Big tech companies cast as monopolies in U.K. government study
In this March 8, 2019, photo, Democratic presidential candidate Sen. Elizabeth Warren, D-Mass., speaks in the Queens borough of New York. (AP Photo/Frank Franklin II)
LONDON -- Facebook, Google, Amazon and Apple are once again being cast as monopolies that have become too powerful for society's good, a recurring theme that's increasing the pressure to rein them in.
A 150-page report commissioned by the British government depicts big digital companies in search, social media, advertising and e-commerce as threats to competition, innovation and personal privacy. Meanwhile, the music streaming service Spotify filed an antitrust complaint in Europe against Apple, accusing it of stifling competition through its control over the iPhone's operating system and app store.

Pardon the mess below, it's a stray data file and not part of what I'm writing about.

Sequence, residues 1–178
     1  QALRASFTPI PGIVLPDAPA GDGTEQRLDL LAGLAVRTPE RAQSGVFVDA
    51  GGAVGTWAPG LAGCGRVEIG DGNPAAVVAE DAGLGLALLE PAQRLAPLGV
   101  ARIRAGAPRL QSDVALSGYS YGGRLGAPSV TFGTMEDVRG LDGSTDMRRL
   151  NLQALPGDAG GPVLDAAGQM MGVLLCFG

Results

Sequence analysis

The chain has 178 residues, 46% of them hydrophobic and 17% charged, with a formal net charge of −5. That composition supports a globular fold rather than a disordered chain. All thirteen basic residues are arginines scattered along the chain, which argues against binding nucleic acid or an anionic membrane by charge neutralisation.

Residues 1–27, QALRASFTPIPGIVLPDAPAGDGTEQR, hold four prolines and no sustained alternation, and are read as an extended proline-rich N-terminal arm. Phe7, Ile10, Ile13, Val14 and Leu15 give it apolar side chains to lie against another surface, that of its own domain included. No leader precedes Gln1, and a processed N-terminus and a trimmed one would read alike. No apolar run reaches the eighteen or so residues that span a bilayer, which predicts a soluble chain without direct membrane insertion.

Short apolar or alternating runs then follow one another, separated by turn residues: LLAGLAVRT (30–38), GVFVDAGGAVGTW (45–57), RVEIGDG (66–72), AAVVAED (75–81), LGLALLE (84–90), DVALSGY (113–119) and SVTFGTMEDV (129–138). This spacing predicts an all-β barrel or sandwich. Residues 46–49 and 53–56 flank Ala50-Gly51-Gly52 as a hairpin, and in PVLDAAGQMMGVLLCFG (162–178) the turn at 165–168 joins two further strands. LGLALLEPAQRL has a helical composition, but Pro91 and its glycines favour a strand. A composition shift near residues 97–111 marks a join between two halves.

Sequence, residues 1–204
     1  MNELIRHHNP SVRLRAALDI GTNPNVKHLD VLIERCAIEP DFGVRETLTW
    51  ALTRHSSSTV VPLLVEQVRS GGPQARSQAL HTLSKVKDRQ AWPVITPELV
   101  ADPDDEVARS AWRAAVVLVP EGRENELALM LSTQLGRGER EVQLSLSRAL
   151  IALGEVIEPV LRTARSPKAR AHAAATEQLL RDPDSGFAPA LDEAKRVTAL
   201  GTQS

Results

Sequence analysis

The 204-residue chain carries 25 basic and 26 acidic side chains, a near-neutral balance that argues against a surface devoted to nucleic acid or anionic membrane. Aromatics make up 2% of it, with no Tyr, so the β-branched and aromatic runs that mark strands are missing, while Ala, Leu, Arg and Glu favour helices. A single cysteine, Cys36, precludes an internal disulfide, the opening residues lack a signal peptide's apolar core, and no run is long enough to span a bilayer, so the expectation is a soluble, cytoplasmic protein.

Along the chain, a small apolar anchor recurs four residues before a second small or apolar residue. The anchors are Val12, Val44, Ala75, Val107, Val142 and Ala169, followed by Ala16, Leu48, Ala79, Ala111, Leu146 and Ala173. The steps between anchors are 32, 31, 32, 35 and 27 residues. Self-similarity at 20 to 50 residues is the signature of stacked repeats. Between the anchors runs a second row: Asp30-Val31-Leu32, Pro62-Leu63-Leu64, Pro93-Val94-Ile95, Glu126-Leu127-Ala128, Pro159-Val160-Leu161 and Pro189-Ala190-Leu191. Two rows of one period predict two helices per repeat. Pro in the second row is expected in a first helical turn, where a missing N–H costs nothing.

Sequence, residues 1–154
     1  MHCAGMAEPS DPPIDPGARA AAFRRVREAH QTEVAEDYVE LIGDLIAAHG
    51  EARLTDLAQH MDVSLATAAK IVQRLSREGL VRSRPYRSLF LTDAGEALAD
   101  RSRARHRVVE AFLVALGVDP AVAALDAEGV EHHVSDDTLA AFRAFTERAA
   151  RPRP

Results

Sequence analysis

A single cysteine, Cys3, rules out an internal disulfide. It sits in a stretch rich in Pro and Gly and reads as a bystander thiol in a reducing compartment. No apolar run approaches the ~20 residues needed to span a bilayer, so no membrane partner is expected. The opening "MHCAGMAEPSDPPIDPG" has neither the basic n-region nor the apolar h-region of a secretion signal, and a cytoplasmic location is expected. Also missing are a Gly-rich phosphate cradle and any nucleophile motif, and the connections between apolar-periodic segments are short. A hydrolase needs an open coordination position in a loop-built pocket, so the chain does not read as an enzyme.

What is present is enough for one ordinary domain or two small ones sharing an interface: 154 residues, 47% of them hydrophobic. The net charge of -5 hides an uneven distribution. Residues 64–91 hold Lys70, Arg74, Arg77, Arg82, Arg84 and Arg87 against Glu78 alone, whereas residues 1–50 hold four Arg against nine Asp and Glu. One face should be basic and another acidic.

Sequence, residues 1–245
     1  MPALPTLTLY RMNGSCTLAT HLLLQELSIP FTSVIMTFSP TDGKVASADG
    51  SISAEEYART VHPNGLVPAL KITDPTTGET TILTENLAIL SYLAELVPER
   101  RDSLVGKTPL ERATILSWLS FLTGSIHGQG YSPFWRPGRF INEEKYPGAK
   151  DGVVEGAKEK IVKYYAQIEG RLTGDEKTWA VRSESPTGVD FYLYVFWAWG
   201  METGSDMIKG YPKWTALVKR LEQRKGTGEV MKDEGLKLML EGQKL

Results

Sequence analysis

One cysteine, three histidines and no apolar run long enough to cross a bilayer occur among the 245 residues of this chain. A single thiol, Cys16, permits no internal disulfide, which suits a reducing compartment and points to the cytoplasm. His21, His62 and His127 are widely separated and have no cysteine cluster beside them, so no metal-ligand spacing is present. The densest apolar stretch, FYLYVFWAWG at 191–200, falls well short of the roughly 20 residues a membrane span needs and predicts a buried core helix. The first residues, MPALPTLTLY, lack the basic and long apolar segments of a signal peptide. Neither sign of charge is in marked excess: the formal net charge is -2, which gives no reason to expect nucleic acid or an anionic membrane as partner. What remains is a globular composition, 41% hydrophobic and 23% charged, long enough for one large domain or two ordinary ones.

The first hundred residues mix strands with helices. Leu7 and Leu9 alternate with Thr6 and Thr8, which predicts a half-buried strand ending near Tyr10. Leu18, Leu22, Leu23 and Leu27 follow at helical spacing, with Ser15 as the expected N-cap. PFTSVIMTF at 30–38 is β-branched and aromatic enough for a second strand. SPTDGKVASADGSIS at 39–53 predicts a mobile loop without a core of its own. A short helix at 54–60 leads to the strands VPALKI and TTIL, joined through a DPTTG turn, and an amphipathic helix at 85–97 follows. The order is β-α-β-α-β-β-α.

Wednesday's dual attacks provide more fodder in a worldwide debate about whether stricter rules need to be drawn up to handcuff or even break up leading tech companies as they try to extend their tentacles into new markets.
"What you're seeing is a broad recognition that there is a problem," said Matt Stoller, a fellow at Open Markets, an institution that studies corporate monopolies and advocates for more competitive markets.
In the U.S., Democratic presidential candidate Elizabeth Warren last week proposed breaking up the biggest U.S. tech companies, saying they have too much market and political power.
That high-profile missive further emboldened long-time critics such as former U.S. Labor Secretary Robert Reich, now a professor of public policy at the University of California, Berkeley.